Three months ago a seventy year-old lady was making national news by running in the latest Boston Marathon. Her name was Kathrine Switzer, who 50 years earlier had become the first woman to compete in the race, though one official tried to pull her off the track after a few miles. I smiled as I read of her effort because it brought back the lesson Kathy taught me 44 years ago.
1973 was my second year of long-distance running. The local running club was sponsoring its second marathon with hundreds of runners participating. I had trained hard and believed I was ready to maintain an eight minute/mile pace. I knew a lady from New York named Kathy Switzer had been invited to run in our race as a celebrity entry.
The race began and I was running consistently at my eight minute pace after six miles, when 25 year-old Kathy ran by me. She was an attractive young woman and as I watched her move significantly ahead of me, some macho hormones got the best of me. This woman was running only a little faster than me and I am a man, even an athlete in my imagination. So, I picked up my pace to about seven minute miles and passed Kathy at mile ten. The next four miles went well, then my body began rebelling. By mile 16 I had such painful stomach cramps I could only tiptoe down a half mile long hill, as Kathy passed by me. My race was over and I walked/jogged the last ten miles, finishing the 26 mile race at a nine minute pace, far short of my goal.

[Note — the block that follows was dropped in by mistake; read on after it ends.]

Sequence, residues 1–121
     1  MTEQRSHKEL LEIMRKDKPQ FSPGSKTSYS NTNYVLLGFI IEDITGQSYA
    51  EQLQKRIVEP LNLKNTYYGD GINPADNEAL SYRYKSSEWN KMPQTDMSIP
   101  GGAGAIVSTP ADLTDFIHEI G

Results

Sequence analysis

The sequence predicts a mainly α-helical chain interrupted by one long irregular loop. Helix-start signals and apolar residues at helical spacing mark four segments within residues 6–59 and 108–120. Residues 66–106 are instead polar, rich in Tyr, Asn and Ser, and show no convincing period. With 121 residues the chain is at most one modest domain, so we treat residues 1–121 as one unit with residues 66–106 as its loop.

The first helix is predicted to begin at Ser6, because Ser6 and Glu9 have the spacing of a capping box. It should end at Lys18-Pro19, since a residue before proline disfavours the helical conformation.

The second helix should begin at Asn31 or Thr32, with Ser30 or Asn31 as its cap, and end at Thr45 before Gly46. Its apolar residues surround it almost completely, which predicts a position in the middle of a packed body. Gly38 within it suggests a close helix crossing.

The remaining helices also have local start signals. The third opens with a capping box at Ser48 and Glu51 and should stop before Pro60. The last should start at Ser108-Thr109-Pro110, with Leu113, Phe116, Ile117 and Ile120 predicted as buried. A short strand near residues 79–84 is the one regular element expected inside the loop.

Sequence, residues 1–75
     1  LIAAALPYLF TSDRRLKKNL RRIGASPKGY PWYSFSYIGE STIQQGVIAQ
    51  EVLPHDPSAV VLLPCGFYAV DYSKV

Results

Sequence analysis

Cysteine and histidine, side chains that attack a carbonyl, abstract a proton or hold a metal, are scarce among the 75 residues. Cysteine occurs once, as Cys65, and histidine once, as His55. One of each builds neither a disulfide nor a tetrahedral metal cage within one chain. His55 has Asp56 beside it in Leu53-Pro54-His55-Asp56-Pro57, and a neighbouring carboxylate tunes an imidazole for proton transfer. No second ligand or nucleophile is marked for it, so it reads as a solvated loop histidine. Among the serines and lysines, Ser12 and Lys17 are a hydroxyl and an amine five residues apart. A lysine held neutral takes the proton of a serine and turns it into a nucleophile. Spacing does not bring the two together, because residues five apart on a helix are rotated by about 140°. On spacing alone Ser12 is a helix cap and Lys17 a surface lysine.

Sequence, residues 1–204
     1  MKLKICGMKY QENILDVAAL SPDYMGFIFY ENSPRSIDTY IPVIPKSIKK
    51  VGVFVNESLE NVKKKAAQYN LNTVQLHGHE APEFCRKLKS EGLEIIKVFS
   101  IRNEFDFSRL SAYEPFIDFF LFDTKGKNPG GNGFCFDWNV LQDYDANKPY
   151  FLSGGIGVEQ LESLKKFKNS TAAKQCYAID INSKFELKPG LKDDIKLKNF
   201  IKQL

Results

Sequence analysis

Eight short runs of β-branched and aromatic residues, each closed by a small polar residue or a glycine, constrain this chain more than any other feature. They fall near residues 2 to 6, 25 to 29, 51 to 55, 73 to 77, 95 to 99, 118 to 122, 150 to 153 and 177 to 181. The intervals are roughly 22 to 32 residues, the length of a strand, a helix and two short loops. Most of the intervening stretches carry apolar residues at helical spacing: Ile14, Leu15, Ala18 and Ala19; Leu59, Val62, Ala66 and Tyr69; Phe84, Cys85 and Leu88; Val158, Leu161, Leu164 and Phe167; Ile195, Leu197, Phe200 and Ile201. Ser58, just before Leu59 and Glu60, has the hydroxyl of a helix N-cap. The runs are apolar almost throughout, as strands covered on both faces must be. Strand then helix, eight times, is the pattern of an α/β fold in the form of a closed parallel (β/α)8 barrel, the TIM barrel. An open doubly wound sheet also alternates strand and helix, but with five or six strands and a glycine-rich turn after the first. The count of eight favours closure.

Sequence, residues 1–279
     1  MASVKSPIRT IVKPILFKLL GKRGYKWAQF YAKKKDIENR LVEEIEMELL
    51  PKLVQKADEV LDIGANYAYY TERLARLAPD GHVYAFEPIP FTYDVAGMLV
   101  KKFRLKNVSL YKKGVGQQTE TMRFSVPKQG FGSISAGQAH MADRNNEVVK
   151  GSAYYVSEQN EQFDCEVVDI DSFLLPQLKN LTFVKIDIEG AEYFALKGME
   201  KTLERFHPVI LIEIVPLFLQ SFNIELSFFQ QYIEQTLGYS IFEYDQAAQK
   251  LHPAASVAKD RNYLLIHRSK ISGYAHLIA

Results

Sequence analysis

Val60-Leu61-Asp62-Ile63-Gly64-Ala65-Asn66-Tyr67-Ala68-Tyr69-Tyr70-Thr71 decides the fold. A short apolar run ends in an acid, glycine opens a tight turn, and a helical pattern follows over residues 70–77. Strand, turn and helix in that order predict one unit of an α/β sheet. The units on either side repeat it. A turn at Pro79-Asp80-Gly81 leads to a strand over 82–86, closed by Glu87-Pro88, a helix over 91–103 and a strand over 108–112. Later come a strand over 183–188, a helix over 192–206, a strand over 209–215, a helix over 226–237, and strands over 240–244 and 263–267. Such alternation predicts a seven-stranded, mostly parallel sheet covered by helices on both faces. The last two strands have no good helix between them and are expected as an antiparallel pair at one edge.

What happened to me has happened to investors. An investment strategy can be well thought out, but emotional choices, impulse spending, and not focusing on the big picture can significantly damage a nest egg. Dalbar Inc., a financial services company, calculates average investor returns utilizing the net of aggregate mutual fund sales, redemptions and exchanges each month as a measure of investment behavior. From 1997 through 2016, they calculate that the average investor has made 2.3%/year while J.P. Morgan reports that a 60/40 allocation, rebalanced annually, could have returned 6.9%/year! 1 I believe much of this underperformance results from inconsistent behavior and not sticking to a plan.
In 1975, two years after my failure, I stayed on my eight minute pace throughout the race, despite temptations to change my plan. There is always an excuse to explain alterations, but a good investor needs to focus on the plan.
Forty years after my Kathy Switzer lesson, Janet and I found ourselves trying to climb Pike’s Peak. Janet wrote a poignant story of this struggle in our 3rd quarter newsletter of 2013, available on our website. The relevant part of this story is on the second day I found myself at the tree line 12,000 feet high, doubting whether I could make it to the top. Two new friends, Larry and Shawn, sat and encouraged me to move ahead. I remember as they put their backpacks on and headed on up the mountain, Larry softly said to me, “Slow and steady, Frank, all the way to the top.” As I pondered his words, I realized I was three miles from the top with 2,100 feet of elevation gain. Knowing I was managing about a foot and a half stride, it came to me that I only had about 10,000 steps to make. With a hundred steps before each rest, I could reach the summit in 100 walks. Somehow, this impossible goal became achievable. Breaking down a big task, like saving a million dollars by retirement, needs to be broken down into smaller parts, like saving 10% of your salary each year for retirement. Forty years later you will be at your summit. Whether distance running, climbing, or investing, “slow and steady” is excellent advice.
1J.P. Morgan Asset Management, Guide to the Markets, June 2017, page 63.